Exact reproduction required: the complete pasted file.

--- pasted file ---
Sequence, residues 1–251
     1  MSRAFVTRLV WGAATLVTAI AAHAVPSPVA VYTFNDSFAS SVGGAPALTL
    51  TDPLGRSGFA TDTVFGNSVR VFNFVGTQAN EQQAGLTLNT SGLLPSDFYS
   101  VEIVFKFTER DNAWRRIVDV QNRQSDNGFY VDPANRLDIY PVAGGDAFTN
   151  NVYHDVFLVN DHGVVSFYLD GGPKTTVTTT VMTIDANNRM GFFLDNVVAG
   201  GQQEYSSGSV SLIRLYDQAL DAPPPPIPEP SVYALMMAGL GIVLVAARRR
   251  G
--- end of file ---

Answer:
Sequence, residues 1–251
     1  MSRAFVTRLV WGAATLVTAI AAHAVPSPVA VYTFNDSFAS SVGGAPALTL
    51  TDPLGRSGFA TDTVFGNSVR VFNFVGTQAN EQQAGLTLNT SGLLPSDFYS
   101  VEIVFKFTER DNAWRRIVDV QNRQSDNGFY VDPANRLDIY PVAGGDAFTN
   151  NVYHDVFLVN DHGVVSFYLD GGPKTTVTTT VMTIDANNRM GFFLDNVVAG
   201  GQQEYSSGSV SLIRLYDQAL DAPPPPIPEP SVYALMMAGL GIVLVAARRR
   251  G